In a week that has seen several big predictions around the levels of betting on this year’s Super Bowl final, analyst PlayUSA has added its own projections, suggesting that $400m will be legally wagered on America’s biggest televised sporting event.
Thirteen states representing a population of 70 million people will offer some form of legal sports betting for the NFL showcase game said the firm. And even if the final total falls short of the projected $400m, it will almost certainly bring in more money via legal sportsbooks than ever before.
“With the proliferation of legal sports betting across the US, there is no doubt that this will be a record year for legal bets on the Super Bowl,” said Dustin Gouker, lead analyst for PlayUSA.com. “An interesting matchup that is nearly a pick ’em will help spur action, too. As a result, records in states such as Nevada and New Jersey, where both online and retail sports betting were legal for last year’s game, are also in jeopardy.”
The Super Bowl is easily the most bet-on sporting event in the US, drawing an estimated $6bn in legal and illegal bets in 2019, according to figures from the American Gaming Association. That number will reach almost $7bn in 2020, it estimates.
The availability of legal sports wagering in 13 states will clearly push betting figures higher, especially given that eight of those states – Nevada, New Jersey, Pennsylvania, Indiana, Iowa, Rhode Island, West Virginia, Oregon – offer both online and retail sports betting.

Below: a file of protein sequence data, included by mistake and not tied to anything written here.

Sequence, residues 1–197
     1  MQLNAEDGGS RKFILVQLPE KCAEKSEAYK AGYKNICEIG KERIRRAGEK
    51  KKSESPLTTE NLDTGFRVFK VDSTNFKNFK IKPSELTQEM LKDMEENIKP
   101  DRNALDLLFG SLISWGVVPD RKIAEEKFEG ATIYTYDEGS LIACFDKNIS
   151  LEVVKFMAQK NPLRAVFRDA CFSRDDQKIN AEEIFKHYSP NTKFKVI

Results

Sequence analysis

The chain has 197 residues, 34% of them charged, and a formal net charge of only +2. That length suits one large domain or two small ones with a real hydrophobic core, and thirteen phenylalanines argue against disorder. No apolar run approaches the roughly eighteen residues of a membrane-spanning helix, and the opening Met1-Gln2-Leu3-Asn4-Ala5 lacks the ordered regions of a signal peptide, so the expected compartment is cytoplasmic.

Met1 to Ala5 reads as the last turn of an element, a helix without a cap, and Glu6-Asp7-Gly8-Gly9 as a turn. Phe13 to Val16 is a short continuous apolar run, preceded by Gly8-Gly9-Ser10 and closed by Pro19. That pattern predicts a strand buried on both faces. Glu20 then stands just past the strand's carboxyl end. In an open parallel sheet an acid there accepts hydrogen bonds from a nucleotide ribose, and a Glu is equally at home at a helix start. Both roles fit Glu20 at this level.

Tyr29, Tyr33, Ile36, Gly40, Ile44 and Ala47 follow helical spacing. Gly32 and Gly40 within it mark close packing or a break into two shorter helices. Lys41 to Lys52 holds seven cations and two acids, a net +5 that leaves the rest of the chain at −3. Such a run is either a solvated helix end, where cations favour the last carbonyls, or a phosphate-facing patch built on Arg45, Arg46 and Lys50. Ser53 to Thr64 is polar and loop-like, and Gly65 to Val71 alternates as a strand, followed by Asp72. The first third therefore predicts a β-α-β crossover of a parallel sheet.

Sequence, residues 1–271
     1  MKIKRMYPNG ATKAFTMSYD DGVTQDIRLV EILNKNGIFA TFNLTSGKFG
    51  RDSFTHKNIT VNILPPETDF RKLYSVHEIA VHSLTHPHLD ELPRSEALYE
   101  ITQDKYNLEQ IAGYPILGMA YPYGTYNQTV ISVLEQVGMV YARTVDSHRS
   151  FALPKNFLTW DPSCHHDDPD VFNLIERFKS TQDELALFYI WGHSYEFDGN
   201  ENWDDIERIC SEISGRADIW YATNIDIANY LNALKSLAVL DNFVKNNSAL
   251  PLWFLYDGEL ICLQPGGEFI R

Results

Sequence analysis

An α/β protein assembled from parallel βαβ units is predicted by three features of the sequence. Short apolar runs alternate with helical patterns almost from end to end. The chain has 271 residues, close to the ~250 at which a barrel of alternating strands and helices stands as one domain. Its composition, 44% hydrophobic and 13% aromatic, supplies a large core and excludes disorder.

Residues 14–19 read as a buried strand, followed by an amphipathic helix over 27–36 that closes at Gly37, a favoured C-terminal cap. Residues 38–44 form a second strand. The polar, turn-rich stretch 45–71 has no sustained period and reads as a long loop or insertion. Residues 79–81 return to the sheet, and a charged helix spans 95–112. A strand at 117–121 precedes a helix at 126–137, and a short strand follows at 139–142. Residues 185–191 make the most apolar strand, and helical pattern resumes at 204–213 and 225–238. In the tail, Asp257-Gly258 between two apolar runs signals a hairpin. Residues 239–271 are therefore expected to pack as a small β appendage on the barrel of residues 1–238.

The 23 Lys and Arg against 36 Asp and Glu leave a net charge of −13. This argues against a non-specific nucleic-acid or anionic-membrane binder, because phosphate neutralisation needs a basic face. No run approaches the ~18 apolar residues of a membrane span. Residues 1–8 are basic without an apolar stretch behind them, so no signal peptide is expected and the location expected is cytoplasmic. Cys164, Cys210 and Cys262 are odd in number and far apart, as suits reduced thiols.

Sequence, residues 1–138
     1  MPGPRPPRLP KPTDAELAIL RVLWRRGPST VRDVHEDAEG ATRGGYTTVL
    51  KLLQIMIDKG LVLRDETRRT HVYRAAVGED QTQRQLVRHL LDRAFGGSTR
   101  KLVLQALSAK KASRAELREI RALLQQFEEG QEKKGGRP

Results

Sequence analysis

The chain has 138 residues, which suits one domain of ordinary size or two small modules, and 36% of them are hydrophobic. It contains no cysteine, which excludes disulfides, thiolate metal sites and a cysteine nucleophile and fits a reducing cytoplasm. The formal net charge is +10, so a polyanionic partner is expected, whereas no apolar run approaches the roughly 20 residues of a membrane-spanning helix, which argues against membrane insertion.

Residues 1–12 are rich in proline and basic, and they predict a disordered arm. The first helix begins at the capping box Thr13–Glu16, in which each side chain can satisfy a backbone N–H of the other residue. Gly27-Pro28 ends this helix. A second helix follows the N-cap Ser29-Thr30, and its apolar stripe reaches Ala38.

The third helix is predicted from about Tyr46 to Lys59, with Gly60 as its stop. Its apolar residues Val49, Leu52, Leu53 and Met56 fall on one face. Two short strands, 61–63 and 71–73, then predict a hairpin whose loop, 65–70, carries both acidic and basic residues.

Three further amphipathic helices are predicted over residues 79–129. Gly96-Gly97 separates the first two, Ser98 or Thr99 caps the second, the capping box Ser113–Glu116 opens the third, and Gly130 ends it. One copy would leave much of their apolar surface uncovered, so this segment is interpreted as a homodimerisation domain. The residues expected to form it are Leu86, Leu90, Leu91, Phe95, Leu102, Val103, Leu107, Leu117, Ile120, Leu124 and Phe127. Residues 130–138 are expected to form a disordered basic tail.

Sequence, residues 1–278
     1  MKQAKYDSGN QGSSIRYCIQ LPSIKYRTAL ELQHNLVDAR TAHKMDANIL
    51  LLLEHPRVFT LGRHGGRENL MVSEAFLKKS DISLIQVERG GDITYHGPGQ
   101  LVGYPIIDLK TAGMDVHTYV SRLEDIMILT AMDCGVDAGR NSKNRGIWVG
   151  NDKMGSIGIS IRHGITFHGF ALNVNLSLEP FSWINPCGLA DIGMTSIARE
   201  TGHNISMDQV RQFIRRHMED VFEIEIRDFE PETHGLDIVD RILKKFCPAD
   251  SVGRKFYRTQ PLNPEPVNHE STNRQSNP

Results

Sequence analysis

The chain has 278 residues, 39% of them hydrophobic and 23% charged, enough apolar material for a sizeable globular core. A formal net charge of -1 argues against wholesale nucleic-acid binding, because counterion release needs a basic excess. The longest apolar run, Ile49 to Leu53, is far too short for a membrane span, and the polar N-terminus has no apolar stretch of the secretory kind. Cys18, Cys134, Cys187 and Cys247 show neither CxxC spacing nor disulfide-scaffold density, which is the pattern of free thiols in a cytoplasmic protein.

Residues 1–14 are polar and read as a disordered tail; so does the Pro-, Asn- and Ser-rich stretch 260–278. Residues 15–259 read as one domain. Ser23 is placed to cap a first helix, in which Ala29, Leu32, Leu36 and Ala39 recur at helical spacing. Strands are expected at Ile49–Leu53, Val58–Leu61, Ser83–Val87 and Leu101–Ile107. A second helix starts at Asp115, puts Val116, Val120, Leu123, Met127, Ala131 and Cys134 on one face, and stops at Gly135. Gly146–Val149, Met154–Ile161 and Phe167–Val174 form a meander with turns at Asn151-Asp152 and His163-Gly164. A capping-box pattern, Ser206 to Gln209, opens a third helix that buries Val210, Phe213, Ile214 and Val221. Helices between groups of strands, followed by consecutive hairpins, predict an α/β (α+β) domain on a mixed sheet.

Also to consider is that just seven states, representing a combined population of 30 million, accepted legal bets for last year’s game between the New England Patriots and the Los Angeles Rams. In addition, some states had yet to launch online sportsbooks, leaving retail sportsbooks as the only vehicle to place a bet in states such as Pennsylvania.
In terms of where most money is staked, the country’s two largest sports betting markets, Nevada and New Jersey, combined to generate more than $180m in bets for the 2019 game.
New Jersey sportsbooks, which offered legal wagering on the Super Bowl for the first time in 2019, attracted $34.9m in bets but lost $4.6m. Nevada’s $145.9m handle was the state’s second-best all-time, but down from the record $158.6m in 2018.
“Not only has the number of legal sports jurisdictions doubled from last year’s game, states such as New Jersey and Pennsylvania have boomed,” Gouker said. “That all adds up to a historic weekend ahead for sports betting.”
He added: “Online and mobile sportsbooks are a key tool in driving in-game and prop betting, giving states with a robust digital presence a significant advantage. In New Jersey, nearly 88% of all bets were made online in December. And that allows operators to attract bettors with prop bets and keep them engaged with in-game betting.”